The reverse was largely acceptable from the initial stages of the design. However, there were some significant corrections to be made, most notably in the spelling of CONACHT and ULSTER, which should have used old spellings as on the original map: 'CONAGHT' and 'ULSER'.
1986 Final design stages and reviews of the need for the £100 note
Arguments for and against issuing the £100 denomination had continued throughout its development. There was always an underlying unease about the existence of a £100 denomination. Ireland had exchange controls in place at the time, and it was felt by some agencies that high denomination notes could help facilitate the illegal movement of cash. A recommendation from exchange control in a letter to the Central Bank of Ireland, dated 8th June 1979 was that the bank should cease issuing £50 and £100 notes. The Central Bank however, favoured retaining the denominations.
At the stage of the 1986 review, the Currency Department was already considering a size reduction of the banknotes in circulation, in line with international trends. It was the stated aim of the Currency Department to reduce the sizes of all denominations. It was considered logical however to proceed with the £100 as a note larger than the £50, and to start size reductions with the £1 note. In the event, the £1 note was replaced by a coin in 1990, the £100 note was cancelled, and the other B Series banknote denominations were replaced, starting in 1992, by the much smaller sized banknotes of the C Series, rather than reduced size B Series designs.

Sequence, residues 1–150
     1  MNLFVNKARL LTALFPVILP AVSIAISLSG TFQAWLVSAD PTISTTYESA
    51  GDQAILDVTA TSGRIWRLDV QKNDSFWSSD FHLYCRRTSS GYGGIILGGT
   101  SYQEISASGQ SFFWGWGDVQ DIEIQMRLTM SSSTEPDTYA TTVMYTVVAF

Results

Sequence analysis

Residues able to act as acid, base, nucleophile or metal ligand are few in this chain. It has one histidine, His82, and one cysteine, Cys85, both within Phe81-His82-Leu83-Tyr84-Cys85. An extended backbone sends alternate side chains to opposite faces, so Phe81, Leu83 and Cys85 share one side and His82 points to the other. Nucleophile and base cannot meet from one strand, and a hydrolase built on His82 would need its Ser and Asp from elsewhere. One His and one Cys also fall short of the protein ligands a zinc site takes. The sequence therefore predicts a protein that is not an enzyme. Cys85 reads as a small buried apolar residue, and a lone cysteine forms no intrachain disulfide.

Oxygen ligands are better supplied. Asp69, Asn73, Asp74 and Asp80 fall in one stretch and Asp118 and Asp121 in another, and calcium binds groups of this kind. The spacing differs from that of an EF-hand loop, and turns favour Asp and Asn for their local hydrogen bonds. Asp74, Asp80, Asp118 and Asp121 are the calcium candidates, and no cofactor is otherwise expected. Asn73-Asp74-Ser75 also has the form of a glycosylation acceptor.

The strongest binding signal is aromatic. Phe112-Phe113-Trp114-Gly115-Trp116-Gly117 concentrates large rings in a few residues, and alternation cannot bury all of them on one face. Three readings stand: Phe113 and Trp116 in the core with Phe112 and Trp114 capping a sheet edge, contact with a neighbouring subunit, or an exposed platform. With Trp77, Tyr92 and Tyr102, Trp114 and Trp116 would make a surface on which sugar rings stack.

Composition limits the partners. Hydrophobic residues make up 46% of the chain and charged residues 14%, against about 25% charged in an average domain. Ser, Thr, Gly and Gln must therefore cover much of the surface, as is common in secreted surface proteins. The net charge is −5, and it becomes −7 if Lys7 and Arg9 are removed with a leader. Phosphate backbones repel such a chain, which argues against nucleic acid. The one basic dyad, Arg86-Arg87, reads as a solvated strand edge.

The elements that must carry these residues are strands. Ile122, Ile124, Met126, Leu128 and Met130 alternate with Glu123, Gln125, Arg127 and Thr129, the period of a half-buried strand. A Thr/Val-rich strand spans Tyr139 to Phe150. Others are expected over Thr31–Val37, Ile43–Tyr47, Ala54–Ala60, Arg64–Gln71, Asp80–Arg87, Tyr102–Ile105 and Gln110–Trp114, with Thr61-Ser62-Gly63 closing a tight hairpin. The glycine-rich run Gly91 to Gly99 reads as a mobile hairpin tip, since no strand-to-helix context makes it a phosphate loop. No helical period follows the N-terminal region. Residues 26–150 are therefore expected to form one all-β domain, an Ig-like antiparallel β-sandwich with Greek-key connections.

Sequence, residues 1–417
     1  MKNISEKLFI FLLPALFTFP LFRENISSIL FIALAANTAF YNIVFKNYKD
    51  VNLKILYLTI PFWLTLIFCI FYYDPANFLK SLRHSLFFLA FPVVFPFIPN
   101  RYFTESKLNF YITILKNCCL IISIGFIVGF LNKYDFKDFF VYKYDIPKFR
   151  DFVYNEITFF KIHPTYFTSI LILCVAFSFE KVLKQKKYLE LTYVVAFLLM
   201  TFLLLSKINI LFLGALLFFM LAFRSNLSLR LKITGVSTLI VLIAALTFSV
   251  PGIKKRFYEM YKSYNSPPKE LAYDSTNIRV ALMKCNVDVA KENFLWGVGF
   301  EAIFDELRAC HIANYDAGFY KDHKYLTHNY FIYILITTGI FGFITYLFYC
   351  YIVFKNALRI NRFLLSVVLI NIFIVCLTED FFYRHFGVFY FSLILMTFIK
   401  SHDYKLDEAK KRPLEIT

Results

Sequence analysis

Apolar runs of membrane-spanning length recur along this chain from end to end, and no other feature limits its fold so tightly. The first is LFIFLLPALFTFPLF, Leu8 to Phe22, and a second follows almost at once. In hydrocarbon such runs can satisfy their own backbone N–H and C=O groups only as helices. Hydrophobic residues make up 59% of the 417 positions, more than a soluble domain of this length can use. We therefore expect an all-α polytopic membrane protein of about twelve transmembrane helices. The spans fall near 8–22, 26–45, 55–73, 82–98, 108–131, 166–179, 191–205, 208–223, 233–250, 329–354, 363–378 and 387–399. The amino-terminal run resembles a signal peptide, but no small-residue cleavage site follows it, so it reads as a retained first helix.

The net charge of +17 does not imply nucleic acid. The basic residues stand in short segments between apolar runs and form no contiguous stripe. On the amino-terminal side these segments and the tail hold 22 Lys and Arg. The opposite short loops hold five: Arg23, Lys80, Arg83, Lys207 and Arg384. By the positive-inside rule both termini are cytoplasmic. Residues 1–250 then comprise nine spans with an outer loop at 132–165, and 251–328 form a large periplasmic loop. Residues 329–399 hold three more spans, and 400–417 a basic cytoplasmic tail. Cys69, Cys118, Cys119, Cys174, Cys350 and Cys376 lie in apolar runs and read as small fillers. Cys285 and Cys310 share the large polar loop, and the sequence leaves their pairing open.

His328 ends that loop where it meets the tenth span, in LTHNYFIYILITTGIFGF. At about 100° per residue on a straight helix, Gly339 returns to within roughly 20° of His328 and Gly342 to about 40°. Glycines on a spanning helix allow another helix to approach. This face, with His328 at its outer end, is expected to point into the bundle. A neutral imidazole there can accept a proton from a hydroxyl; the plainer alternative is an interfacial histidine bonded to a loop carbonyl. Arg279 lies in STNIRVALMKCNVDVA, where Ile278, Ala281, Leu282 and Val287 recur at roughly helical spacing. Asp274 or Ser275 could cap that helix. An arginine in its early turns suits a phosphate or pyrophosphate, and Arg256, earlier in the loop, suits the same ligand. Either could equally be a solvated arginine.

The £100 note design had taken so long to complete that the impending development of the C Series was catching up on it. The lack of a real need for a £100 note was a persistent fact that had nagged away at the project throughout the 1980s. Also, and possibly critically for the project, once Maurice Doyle became Governor on 1st May 1987 the opinion of the Governor would likely have altered from being in favour of the £100 denomination to being against it, as Mr. Doyle had been an opponent of it when in the office of Secretary of the Department of Finance. This may well have been a fatal blow to the introduction of the note. It would be ten years before a new £100 design would be introduced, in the form of the C Series £100 in 1996.
Likely prefix letters
Based on what is known of the B Series prefixing system it is likely that had the £100 note been issued around its original intended time, it would possibly have started with prefix ADL (ADL to LDL was used up on £1 notes dated 14.09.83, which was out of place in the pattern of £1 note sequences. L did not belong as a base letter to £1 notes.), with LLL for specimens and replacements. Other prefixes ending in L were used on £20 notes commencing 18.11.87, which is likely after the final cancellation of the £100 denomination.
Granuaile, Grace O’MalleyIreland’s “Pirate Queen”
Between the 14th and 16th centuries the O’Malley Clan were a mid-level power in the west of Ireland. They taxed and raided the area under their control and traded and fought with other clans. They built several castles on the shorelines to protect their interests. By the 16th century the clan were quite strong seafarers which was uncommon among Irish clans of the time.
There are several accepted spellings of her name: Grace O’Malley, in English; Gráinne Ní Mháille in Irish. She was known as Gráinne Mhaol (Maoil coming from the Umhalls, the baronies of Murrisk and Borrishoole, the historic territory of the O’Malley’s); or Anglicised to Granuaile. The Central Bank of Ireland considered that if Gráinne Ní Mháille was not used in full on the note, then Granuaile would be an acceptable spelling. The last known version being worked on was Gráinne Mhaoil, spelt in the old style.